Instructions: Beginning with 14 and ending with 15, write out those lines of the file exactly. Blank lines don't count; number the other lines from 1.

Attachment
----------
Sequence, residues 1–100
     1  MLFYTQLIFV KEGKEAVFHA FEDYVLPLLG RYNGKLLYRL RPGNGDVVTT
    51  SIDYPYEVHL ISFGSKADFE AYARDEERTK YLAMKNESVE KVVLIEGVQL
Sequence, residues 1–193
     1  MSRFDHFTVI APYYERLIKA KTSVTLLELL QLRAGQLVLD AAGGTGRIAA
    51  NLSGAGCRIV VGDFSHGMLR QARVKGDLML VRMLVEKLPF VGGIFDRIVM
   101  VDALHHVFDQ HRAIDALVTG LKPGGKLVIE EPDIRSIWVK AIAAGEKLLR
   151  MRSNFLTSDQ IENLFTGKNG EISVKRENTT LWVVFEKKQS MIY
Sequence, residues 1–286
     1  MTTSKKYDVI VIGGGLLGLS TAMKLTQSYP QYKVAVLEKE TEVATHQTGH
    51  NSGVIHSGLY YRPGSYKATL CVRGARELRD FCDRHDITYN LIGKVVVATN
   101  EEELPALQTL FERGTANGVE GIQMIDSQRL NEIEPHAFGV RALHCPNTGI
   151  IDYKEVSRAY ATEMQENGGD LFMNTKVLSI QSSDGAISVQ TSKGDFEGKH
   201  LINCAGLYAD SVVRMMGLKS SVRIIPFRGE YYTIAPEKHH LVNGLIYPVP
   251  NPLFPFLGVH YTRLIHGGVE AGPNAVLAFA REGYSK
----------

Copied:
   201  LINCAGLYAD SVVRMMGLKS SVRIIPFRGE YYTIAPEKHH LVNGLIYPVP
   251  NPLFPFLGVH YTRLIHGGVE AGPNAVLAFA REGYSK